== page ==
If you haven’t heard of international architecture firm HASSELL yet, that is about to change. Founded in Australia some 70 years ago, it has more than 900 staff and 14 offices in Australia, China, south-east Asia and, as of a few months ago, the UK too. It designs hotels, airports, research facilities, bridges, parks, rail stations and offices, among other things. In China alone the company has 300 staff, working on mega-projects like the masterplanning of sustainable cities for 100,000 people. And in Australia it currently has two AU$1.2bn hospitals on the way to completion, says Tony Grist, who is head of architecture at HASSELL and heads up the new London office. “We are also designing a number of major research facilities as well. That keeps us in a knowledge leadership position not just in Australia but internationally.”
At the core of HASSELL’s success is a collaborative, inter-disciplinary approach, and an ability to work holistically on a project from masterplan right through to architecture, interiors and the public realm. Its non-hierarchical respect for all disciplines is shown in the backgrounds of its leaders, who are landscape architects or interior designers, as well as architects, by training. At HASSELL’s new studio in Clerkenwell, Grist tells me about the practice’s workplace design philosophies. A great illustration, he says, is the ANZ Centre, the 85,000sq m HQ designed with global property developer Lend Lease for one of Australia’s main banks, located in Melbourne’s Docklands area. “The three main conceptual ideas behind ANZ were permeability, diversity and sustainability,” says Grist. The ground floor, with its cafes, public art, a visitor centre, a daycare centre and a gym “is more like an extension of the city into the building,” he says, adding that this level of public accessibility has rarely, if ever, been seen before in a global banking HQ. “It says a lot about how ANZ wants to interact with its customers and be more transparent.”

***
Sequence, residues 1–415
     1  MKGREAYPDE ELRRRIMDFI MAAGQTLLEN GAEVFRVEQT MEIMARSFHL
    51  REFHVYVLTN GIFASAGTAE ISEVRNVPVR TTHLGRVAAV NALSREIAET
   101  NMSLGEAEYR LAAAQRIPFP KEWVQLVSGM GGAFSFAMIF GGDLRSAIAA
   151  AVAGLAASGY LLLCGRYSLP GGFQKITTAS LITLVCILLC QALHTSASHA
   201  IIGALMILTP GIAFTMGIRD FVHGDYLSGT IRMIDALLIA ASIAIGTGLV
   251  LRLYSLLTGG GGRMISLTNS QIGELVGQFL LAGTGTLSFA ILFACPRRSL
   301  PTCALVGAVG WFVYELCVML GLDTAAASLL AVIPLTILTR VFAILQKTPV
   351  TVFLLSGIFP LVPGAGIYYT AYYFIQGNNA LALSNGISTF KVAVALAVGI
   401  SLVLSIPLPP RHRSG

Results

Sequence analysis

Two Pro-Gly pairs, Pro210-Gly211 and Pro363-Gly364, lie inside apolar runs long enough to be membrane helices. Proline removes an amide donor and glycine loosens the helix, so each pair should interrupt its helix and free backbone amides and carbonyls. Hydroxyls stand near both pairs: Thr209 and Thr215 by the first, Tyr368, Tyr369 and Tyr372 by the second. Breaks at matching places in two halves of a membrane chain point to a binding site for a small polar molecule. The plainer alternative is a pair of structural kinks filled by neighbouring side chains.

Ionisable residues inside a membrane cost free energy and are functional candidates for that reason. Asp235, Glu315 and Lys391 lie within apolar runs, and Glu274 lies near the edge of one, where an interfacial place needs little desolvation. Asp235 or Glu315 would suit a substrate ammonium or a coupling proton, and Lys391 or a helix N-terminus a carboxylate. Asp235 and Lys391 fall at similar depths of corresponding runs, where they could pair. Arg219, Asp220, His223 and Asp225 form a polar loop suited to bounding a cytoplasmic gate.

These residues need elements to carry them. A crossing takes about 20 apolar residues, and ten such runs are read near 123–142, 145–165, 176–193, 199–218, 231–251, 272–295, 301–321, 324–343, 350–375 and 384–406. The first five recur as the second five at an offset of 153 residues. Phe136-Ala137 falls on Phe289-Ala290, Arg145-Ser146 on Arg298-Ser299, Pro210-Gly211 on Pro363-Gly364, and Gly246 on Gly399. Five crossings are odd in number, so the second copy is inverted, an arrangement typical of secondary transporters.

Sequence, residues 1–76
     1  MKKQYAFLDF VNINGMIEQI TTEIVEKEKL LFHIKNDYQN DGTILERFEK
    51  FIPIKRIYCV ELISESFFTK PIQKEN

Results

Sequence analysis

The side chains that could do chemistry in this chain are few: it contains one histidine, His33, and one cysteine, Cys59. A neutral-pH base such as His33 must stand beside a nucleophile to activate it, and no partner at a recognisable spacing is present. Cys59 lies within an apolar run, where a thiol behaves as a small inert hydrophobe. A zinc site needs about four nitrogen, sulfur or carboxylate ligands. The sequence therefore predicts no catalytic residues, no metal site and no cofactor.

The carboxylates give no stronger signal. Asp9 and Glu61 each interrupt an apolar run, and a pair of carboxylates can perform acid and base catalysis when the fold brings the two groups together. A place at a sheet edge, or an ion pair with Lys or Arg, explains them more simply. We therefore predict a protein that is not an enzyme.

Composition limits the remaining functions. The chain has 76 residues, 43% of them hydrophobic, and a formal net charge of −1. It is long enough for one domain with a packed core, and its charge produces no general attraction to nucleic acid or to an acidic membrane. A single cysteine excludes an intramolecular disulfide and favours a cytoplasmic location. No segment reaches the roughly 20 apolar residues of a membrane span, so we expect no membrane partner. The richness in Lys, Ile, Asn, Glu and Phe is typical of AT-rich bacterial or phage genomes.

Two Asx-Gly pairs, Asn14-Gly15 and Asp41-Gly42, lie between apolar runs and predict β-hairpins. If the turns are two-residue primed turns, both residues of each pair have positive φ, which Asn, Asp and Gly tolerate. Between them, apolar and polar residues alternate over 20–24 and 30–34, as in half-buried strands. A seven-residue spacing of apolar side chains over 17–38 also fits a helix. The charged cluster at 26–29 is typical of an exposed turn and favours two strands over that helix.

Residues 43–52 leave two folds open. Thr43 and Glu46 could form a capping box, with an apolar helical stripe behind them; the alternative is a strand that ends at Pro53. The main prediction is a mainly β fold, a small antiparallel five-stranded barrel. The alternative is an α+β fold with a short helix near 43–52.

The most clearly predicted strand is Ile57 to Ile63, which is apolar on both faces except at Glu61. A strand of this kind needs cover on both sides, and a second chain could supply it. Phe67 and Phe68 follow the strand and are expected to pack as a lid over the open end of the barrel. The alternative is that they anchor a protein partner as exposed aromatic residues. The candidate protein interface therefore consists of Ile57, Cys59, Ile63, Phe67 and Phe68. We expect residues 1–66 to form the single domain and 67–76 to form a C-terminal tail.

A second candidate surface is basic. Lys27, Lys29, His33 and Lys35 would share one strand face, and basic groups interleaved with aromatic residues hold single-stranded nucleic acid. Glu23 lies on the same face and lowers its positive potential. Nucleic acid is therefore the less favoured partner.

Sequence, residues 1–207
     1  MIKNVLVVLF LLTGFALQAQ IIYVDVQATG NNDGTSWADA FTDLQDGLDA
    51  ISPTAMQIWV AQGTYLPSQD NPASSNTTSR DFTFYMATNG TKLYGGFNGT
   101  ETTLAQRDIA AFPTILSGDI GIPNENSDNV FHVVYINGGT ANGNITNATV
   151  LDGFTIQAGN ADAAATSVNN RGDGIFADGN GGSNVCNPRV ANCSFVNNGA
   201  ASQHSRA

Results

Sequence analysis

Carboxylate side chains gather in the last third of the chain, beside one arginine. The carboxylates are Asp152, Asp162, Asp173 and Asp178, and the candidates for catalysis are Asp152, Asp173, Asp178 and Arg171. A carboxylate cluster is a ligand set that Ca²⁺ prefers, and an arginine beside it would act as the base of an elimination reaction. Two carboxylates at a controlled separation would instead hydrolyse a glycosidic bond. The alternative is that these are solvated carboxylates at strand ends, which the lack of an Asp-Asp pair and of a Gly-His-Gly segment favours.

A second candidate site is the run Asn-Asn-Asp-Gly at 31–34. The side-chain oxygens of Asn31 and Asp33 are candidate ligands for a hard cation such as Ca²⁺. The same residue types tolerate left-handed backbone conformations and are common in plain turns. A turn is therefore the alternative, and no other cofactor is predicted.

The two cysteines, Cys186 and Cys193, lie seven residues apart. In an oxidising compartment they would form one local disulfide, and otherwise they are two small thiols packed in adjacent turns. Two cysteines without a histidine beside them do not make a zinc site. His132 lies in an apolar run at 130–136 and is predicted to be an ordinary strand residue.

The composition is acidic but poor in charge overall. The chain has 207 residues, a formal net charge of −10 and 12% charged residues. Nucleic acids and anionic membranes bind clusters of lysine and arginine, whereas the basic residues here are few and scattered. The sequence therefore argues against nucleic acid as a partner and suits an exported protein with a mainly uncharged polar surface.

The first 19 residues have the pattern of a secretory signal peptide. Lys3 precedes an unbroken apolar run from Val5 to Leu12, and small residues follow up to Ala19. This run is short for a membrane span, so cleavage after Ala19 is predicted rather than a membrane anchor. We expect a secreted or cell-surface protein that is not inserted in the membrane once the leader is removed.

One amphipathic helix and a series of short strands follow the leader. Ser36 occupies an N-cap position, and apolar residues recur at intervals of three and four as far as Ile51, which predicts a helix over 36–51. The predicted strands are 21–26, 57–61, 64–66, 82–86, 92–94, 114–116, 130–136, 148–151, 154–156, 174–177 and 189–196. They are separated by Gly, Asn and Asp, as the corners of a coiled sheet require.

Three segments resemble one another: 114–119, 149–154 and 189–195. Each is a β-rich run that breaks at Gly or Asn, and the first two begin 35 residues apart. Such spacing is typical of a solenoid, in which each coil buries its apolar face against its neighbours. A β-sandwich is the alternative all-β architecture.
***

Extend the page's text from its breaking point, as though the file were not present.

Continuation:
The project, for which HASSELL worked on the architecture and the fit-out, has been showered with awards. It is the largest and greenest commercial office building in the country (having been awarded the six-star Green Star Office Design rating by the Australian Green Building Council). Water consumption is 60% less than the industry average and the building’s green roof and exterior shading help to reduce heat gain and loss. Though it houses a workforce of 7,000, no staff member sits more than 11m from natural light. It uses ideas taken from urban design, with a concept of a town square with a main street – or an urban campus, as Grist puts it.
In this urban campus, putting an emphasis on how you move through a building is key, says Grist. That means putting in stairs instead of lifts where possible, and bridges so you can see people moving around, “creating a village on a number of levels,” he says. “Psychologically, if you’re in a building and you’re going up and down in the lift you’re not as connected,” he says. “It’s a bit like using the tube versus using a bus. If you travel by bus in London you get a better idea of the city.” But it’s more than that. If you’re stuck in a lift you are cut off from the incidental interactions and connections during which important innovations and ideas are often born.
It may sound straightforward but the ANZ building, like most HASSELL workplace projects, was the result of an “iterative and collaborative approach to concept design”. HASSELL took the client to see roughly 15 projects around the world, “analysing what was good and bad about each one and what the client did and didn’t like”. Research into workplace behaviour was done with global workplace design consultancy DEGW, identifying things like the fact that senior people are at their desks the least, meaning less need for a private office or permanent space. “This translates into a 30-40% floorplate saving over a traditional building,” says Grist. The design focused on 44 individual hub spaces spread out over the building’s 13 storeys. “Wherever you are in the building, you’re IT-facilitated,” says Grist, “and you’re never more than a few steps away from a power point and a coffee machine.” Creating zones and nodes, meeting spaces, breakout areas and collaboration spaces is how you create communities, even in very large footprints, he explains.